It’s safe to say that Jaqueline Brooks was shocked when she and Balmoral were awarded the blue ribbon after their Grand Prix for the freestyle test on Friday, Sept. 25, in the Dixon Oval.
“He’s my young horse,” said Brooks, Cedar Valley, Ont. “I made a few mistakes because I went, ‘Oh my god. Look at you!’ I came to the first piaffe and couldn’t stop him from doing it [even if I wanted to].”
Despite those mistakes, Brooks and the talented Balmoral (66.93%) edged out Tina Konyot and Calecto V (66.85%) by a mere .085 percent.
“He was so content and stepped up and wanted to do it,” said Brooks. “I was laughing in the test because I was having so much fun. Half way through I realized he was going so well, but it was too late because I’d already made the mistake!”
Brooks has been riding the Canadian-bred gelding for several years and has had much success at Devon with a win at nearly every level, including an Intermediaire I freestyle win in 2006. She gave the 10-year-old a year off while she was competing her other Grand Prix mount, Grand Gesto, at the Olympic Games in Hong Kong last year.
“I gave him to a friend to live in the field as a horse,” she said. “He missed a whole year of competing, so I thought he was a year behind, but in hindsight maybe it was the best thing I did for him.”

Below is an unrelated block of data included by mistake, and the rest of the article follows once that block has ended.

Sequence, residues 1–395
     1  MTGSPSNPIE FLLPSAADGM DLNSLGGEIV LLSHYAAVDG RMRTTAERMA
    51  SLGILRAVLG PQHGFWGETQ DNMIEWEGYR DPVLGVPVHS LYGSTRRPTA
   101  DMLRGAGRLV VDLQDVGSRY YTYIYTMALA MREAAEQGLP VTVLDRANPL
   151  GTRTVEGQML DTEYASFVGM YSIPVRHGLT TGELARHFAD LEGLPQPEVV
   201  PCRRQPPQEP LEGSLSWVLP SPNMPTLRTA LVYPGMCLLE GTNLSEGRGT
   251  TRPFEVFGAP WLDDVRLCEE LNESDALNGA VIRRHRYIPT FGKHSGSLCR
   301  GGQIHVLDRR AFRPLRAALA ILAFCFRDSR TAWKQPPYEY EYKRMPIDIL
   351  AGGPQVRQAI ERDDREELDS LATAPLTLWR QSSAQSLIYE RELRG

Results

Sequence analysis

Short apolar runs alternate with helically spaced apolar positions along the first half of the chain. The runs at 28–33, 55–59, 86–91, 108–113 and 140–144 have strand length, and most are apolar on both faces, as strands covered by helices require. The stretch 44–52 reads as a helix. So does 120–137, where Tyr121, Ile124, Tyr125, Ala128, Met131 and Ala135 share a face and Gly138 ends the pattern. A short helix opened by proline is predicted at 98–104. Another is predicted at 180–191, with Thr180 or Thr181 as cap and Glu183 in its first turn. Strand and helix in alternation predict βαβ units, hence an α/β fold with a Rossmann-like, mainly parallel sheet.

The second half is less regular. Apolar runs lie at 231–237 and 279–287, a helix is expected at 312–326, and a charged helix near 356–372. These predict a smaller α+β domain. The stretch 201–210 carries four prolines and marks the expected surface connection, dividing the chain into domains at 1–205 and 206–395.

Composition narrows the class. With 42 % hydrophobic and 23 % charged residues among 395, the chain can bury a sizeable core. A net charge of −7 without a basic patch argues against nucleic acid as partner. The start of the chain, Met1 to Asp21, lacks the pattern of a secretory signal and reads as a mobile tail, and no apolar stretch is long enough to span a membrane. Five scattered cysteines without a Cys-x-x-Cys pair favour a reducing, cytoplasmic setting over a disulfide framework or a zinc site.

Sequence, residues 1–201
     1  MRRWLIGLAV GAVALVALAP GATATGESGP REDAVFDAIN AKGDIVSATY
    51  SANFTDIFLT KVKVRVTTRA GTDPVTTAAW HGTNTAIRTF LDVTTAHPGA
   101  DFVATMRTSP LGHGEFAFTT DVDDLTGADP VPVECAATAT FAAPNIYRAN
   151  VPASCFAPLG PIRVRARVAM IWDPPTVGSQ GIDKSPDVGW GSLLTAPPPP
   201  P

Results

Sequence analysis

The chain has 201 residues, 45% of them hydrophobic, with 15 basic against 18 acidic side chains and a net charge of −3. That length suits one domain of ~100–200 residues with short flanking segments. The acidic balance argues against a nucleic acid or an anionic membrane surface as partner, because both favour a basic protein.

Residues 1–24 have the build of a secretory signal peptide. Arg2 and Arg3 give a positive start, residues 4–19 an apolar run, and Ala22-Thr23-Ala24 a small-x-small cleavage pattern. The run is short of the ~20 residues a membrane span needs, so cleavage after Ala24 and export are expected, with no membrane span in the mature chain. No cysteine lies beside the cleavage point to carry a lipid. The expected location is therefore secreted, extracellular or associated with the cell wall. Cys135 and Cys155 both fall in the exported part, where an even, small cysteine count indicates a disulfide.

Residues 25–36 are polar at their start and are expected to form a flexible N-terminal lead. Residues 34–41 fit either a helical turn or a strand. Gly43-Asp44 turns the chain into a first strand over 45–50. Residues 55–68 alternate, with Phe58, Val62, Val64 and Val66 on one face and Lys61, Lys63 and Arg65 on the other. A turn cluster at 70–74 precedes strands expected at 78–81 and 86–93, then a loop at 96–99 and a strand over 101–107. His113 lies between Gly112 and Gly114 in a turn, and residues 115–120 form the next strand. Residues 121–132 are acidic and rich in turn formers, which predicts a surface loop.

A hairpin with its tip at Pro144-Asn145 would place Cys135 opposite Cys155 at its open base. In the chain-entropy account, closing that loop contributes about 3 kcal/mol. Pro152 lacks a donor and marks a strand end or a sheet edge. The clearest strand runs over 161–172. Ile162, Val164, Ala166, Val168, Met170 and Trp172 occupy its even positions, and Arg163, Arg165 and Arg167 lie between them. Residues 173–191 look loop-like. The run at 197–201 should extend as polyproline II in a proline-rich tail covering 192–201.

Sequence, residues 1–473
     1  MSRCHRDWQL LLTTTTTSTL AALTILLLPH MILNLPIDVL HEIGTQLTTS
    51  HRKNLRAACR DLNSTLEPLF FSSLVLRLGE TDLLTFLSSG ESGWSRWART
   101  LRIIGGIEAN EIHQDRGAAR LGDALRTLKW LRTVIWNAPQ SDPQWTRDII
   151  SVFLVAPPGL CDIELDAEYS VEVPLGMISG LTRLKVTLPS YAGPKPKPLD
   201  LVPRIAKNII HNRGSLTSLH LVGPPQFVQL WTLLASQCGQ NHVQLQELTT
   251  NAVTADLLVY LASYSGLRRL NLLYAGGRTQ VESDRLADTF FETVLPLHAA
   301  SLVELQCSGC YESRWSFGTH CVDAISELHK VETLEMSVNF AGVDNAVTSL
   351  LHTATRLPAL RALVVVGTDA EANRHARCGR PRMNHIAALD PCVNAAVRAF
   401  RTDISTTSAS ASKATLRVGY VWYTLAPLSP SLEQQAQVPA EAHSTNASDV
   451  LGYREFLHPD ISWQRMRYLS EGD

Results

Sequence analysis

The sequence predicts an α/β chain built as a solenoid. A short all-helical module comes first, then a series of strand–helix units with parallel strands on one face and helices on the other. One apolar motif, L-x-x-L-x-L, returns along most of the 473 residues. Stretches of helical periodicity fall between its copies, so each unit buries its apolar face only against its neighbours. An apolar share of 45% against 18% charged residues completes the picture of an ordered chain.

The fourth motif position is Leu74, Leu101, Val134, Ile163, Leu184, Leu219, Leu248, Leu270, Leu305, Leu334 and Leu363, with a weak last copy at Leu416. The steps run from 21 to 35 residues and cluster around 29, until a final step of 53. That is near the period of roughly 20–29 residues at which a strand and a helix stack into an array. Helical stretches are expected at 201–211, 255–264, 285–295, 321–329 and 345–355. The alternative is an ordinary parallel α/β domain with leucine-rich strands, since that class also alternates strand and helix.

It was Balmoral’s first win at the Grand Prix level, and Brooks was excited to share it with her parents, who couldn’t make the event.
“My groom had them on my cell phone so they could listen to the national anthem,” Brooks said with a laugh. “Life is short, you have to celebrate.”
And for the Canadian dressage community, those words couldn’t have chimed with a truer tone.
On Sunday, Sept. 20, Canadian Olympic Team member Ashley Holzer lost her father, Ian Nicoll. Affectionately known as “Pops,” Nicoll was a huge supporter of both Holzer and her Canadian teammates.
“Pops was riding with me,” reflected Brooks. “When I told [Ashley] I wanted to come home for the funeral, she told me that Pops wanted me to be here, and he wanted me to win Devon. I know Pops was proud of me, and that he wanted to be here. I’m really happy I was here. There’s something greater, and tonight, I was lucky to participate in that.”
Calecto V Misses By A Nose
While Brooks laughed during her test with Balmoral, Tina Konyot cried after her ride on Calecto V.“I was crying because I was so happy,” said Konyot, North Stonington, Conn. “It’s only his fifth Grand Prix so I didn’t know what to expect.”
The powerful Danish Warmblood stallion put in an elegant performance that highlighted his strong canter work and impressive passage. A few minor mistakes in the transitions kept them from the lead, but Konyot was more than thrilled with their red ribbon.
“I rode parts of the test where I allowed my reins to let loose, and he was so comfortable and so happy,” said Konyot. “I should have stopped petting the damn horse! I must have patted him about 15 times!”
Konyot imported the 11-year-old from Denmark a little more than two years ago and has brought him up the levels herself.